I’ve never really understood why people insist on taking bold positions on issues that they clearly do not understand. There are lots of issues I know almost nothing about, but as a result of that ignorance I do not spout off about them or take bold positions about them. Which is why I always find it highly absurd when someone speaks out about evolution, especially publicly, when it’s absolutely clear that they know nothing about it. This article in the North Carolina State University newspaper by Madison Murphy is a textbook example. To wit:
The theory of evolution can be explained simply: Complex creatures evolved from simplistic creatures over time. All creatures come from a common ancestor. Over time, mutations in genetic codes were maintained as they aided in survival. This process of mutation is called natural selection. Eventually, these mutations build up until a complex creature is the result.
That second to last sentence shows just how ignorant Murphy is on the subject. We don’t call the “process of mutation” natural selection; natural selection acts upon genetic diversity, which is caused by mutation and other sources of variation.
There are opposing theories to evolution, however, and they are also some of the most controversial theories to ever be discussed in science, politics, religion and education. These opposing theories are creationism and intelligent design. Some people lump these two together, but they are slightly different.
The theory of intelligent design states that the creation of a complex being could not have happened randomly or by chance. There had to have been a higher power that created this complexity. However, according to intelligent design, this “designer” could have been anyone.
The theory of creationism, on the other hand, states the designer was God. The extremes of creationism vary as well. Some people believe in what is strictly stated in the Bible in Genesis without any room for other possibilities. Others, such as Catholics, believe evolution could have occurred the way Darwin describes, but by the power of God. This belief also says evolution cannot account for the creation of the human soul.
This is all nonsense. Neither intelligent design nor creationism are theories at all, they are religious beliefs. Murphy makes this mistake because, as she quickly reveals, she doesn’t have the slightest clue what the word theory means in science:
My professor started talking about the Theory of Evolution as if it was a fact. This is a problem. Evolution is not a fact, it’s a theory.
Defined, a theory is “an unproven assumption.” Let’s treat it as such. I have no problem learning about evolution if it’s presented as what it is: unproven.
Absolutely false. She appears to have pulled this false definition out of thin air; it isn’t even the dictionary definition of the word, much less one that puts it in a scientific context. In science, a theory is not an unproven “assumption” (whatever that could possibly mean here; in science, a theory is well-tested explanation for a range of data. Evolution is actually a large collection of theories — that is, explanations — for an incredibly vast set of data. Some of those theories are still relatively untested, but the general theory of common descent has been established as true beyond all reasonable doubt. There simply is no other coherent explanation for the data in about a dozen fields of science.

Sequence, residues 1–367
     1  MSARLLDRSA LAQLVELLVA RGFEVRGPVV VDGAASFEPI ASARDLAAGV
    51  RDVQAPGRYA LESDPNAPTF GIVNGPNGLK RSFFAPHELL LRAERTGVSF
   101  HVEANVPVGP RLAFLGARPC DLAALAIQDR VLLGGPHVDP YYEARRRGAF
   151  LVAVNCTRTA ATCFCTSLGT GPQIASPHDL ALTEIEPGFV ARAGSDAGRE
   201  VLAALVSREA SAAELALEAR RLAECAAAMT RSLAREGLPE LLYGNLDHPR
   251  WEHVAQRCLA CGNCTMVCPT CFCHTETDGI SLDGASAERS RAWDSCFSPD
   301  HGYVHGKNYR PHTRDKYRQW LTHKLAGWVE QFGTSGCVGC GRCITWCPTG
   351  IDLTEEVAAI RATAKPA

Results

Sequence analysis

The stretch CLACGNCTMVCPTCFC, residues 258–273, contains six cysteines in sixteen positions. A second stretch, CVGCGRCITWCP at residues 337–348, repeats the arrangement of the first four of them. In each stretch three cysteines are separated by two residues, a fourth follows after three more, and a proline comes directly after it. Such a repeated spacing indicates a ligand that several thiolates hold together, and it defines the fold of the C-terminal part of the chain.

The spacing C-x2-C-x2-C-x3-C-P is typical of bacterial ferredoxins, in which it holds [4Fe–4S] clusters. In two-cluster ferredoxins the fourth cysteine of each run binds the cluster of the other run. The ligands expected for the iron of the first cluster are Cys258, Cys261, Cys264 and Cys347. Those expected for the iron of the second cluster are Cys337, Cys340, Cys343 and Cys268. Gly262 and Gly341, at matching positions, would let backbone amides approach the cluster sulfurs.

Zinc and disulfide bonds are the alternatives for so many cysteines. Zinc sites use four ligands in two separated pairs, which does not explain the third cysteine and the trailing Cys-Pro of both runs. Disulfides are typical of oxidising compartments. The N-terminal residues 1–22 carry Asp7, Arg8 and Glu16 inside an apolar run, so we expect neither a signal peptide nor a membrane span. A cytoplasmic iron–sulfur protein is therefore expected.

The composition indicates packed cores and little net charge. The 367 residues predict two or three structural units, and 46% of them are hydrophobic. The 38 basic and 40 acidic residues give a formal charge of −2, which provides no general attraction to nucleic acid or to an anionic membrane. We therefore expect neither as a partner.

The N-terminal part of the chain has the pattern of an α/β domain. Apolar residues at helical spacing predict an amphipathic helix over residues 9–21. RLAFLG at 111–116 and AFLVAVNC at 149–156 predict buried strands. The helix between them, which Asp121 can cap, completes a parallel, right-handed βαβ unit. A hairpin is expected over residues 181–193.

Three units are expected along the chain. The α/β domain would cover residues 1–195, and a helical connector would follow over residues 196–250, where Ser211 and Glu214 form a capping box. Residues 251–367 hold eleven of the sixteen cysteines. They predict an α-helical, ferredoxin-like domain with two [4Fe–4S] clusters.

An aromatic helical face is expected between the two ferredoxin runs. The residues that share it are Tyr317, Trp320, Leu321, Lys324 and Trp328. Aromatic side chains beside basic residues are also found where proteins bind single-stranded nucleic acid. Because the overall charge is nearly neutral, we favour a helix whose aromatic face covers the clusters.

This particular professor went on to state that those who don’t believe in evolution are wrong. He said that there are so many facts proving it’s truth that one would have to be ignorant not to believe it. I found this to be deeply offensive. I am not ignorant simply because I choose to believe one theory over another.
I’m sure you were offended at being called ignorant, but your offense doesn’t challenge that conclusion at all. In fact, you have proven with this article that you are, in fact, ignorant of this subject.
If professors or teachers at any grade level are going to teach evolution, they should make sure their students are aware that it is a theory and not a fact.
No, what they should make sure of is that students know what theory and fact mean in science. You clearly don’t.
Not only do professors need to be wary of what they’re teaching, but students must also be cautious. Students, never take anything a professor says at face value. I encourage you to research things for yourself and make an informed opinion.
I suggest you take that advice yourself. And here’s a hint: reading the Bible or a bunch of creationist tracts is not “research.”